Local businesses band together for Lilly

Courtesy photo Lilly Machado

Thirty-three Globe-Miami businesses and counting have embraced a common goal; help Lilly Machado get a lifesaving surgery.

When St. Joseph’s Hospital discharged Machado because she couldn’t outright pay the $50,000 needed to schedule her surgery and couldn’t show collateral for the $450,000 needed after the surgery, the Globe business community went to work to help one of their own. “We are so proud of our community and how well we come together when a person is in need,” said Erica Salinas, co-owner of Salinas’ Smoke Street. “Lilly has been a blessing to our community and deserves a long life. She is a wonderful mother and wife. We love her dearly!”

Salinas’ Smoke Street is just one of many businesses offering up a portion of their proceeds to Lilly. There are various raffles going on, with schools, non-profits, clubs and at-home businesses all jumping in to raise funds. Visit Go Globe-Miami’s Facebook page for a full list of raffles, car washes and businesses donating proceeds. There is also a GoFundMe account that at press time has raised $89,000.

Lilly’s story

For almost 16 years, Lilly Machado has been waitressing at El Ranchito in Globe, Az. She knows everyone’s name and always cared for her customers’ welfare. Machado is a wife and mother of three children ages 19, 17 and 6.

When she started feeling weak and losing weight in February, the doctors weren’t sure what was wrong. Today Machado is so ill she has little to no strength left, and she is unaware if she will be able to receive a surgery that could save her life due to a lack of funds.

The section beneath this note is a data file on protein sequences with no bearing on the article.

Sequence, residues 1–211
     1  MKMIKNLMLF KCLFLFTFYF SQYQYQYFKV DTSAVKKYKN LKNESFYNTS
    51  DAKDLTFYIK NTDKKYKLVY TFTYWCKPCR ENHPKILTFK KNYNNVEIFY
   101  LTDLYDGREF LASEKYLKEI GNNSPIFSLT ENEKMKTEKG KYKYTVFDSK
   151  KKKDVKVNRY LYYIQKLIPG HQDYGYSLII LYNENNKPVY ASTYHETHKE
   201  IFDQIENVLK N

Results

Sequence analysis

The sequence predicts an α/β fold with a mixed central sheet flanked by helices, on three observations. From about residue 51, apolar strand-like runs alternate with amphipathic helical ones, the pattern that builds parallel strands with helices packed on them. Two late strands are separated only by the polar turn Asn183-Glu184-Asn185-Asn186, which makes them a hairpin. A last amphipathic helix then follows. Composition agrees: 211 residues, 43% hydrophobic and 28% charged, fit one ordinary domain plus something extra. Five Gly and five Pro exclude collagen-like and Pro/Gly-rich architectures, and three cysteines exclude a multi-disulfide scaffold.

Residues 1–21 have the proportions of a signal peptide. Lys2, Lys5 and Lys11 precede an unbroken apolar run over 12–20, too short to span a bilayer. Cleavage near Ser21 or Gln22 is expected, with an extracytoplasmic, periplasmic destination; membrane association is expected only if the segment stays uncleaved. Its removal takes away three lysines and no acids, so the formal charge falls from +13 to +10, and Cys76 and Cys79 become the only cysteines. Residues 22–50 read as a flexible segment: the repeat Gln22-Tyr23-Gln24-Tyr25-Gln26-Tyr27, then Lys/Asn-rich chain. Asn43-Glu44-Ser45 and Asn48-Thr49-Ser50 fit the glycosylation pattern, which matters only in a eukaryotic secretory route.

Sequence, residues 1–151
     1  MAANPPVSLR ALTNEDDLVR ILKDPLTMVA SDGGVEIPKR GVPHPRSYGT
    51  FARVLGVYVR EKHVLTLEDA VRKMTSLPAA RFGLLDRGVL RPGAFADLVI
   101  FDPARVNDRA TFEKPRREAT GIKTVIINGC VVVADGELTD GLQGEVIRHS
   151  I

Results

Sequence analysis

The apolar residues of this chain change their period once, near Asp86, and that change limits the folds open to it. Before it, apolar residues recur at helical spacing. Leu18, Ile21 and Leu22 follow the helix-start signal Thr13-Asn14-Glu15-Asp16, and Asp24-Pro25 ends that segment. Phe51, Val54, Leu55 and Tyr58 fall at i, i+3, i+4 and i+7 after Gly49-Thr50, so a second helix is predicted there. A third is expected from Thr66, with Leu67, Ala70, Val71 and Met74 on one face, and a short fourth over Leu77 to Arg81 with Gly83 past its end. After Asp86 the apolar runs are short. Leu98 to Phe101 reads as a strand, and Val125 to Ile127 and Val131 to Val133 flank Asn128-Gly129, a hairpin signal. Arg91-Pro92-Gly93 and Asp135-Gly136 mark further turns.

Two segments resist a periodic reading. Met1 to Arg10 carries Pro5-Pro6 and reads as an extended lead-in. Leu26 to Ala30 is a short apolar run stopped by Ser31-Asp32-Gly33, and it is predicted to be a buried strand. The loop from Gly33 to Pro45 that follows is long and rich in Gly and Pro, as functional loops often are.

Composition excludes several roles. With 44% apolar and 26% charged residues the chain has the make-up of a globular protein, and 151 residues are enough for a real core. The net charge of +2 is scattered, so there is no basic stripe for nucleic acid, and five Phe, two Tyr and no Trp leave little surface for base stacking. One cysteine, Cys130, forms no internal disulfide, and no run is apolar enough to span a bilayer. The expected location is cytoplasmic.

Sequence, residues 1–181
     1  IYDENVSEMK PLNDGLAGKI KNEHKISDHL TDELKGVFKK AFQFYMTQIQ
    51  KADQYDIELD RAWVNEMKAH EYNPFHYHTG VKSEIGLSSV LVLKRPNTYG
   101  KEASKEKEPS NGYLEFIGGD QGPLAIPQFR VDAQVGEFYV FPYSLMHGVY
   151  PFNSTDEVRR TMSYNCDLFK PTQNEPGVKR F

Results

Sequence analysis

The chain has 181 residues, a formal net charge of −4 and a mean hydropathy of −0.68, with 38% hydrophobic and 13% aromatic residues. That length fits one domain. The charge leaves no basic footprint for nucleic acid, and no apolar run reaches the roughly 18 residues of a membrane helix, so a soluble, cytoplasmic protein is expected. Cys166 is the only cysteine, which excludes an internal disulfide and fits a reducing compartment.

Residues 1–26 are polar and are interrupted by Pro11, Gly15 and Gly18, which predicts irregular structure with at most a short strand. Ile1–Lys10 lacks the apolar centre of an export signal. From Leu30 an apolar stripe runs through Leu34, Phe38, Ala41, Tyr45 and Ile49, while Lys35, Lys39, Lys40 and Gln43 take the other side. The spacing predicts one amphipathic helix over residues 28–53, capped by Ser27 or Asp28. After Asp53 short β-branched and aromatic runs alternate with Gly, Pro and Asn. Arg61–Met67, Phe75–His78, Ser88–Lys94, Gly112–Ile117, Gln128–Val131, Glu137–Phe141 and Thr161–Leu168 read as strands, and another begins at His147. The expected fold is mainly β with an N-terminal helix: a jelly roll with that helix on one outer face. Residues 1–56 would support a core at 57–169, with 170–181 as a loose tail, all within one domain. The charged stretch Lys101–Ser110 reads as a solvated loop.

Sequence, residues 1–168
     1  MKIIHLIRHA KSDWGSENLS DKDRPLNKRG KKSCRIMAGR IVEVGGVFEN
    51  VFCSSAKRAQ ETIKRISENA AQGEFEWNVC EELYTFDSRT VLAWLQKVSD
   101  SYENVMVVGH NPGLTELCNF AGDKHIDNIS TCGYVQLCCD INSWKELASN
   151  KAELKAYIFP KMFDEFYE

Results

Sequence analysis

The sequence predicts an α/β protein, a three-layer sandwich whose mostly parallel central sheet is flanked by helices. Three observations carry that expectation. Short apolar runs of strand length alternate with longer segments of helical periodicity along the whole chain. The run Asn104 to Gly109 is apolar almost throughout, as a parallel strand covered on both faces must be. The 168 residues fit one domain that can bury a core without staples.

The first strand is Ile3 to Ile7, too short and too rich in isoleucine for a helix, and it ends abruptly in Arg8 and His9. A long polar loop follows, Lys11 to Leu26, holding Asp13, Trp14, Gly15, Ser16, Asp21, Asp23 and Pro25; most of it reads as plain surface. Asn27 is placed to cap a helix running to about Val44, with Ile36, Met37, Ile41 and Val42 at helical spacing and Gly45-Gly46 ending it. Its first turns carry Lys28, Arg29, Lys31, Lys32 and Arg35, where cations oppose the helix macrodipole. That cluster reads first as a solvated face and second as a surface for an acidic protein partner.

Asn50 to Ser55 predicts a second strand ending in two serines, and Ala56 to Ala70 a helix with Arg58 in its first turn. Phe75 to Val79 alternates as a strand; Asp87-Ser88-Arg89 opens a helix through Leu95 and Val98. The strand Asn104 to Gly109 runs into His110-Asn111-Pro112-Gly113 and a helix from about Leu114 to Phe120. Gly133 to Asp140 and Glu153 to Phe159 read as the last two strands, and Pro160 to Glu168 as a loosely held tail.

“My brain is not working properly due to the elevated levels of ammonia unfiltered in my body,” said Machado. “I was diagnosed with non-alcoholic cirrhosis. It comes from an issue with my immune system. It’s an autoimmune disease and it occurs when the body is attacking the organs and, in my case, the liver.”

Machado said that the size of her liver has been reduced to half of what it’s supposed to be, and it is full of scars. “My liver is working at 15 percent of its capacity and can stop working completely at any moment,” she said. “My worst fear is that I don’t have enough time to collect the funds and my health is going down slowly every day.”

Machado is no longer able to walk or complete everyday tasks. “It’s very hard on me because I’m normally a very independent person,” she said.

With only months to live, Machado was sent home on steroids and painkillers.

Dignity Health, owners of St. Joseph’s Hospital in Phoenix, released the following statement to the media: “The organ transplantation process is incredibly complex, and there are a number of detailed nationally-applied criteria that must be followed. We strive to provide all our patients with the best possible care under the established criteria.” 

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